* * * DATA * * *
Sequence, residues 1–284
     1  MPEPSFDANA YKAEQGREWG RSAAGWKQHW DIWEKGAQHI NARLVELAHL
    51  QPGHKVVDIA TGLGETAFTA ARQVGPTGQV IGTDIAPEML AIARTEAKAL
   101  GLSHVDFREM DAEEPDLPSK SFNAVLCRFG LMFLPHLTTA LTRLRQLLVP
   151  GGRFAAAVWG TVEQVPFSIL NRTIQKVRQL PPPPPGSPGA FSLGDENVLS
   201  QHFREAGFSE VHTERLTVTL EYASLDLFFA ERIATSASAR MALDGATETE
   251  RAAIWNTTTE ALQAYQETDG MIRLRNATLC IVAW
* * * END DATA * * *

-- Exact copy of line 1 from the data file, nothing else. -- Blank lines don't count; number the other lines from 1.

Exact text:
Sequence, residues 1–284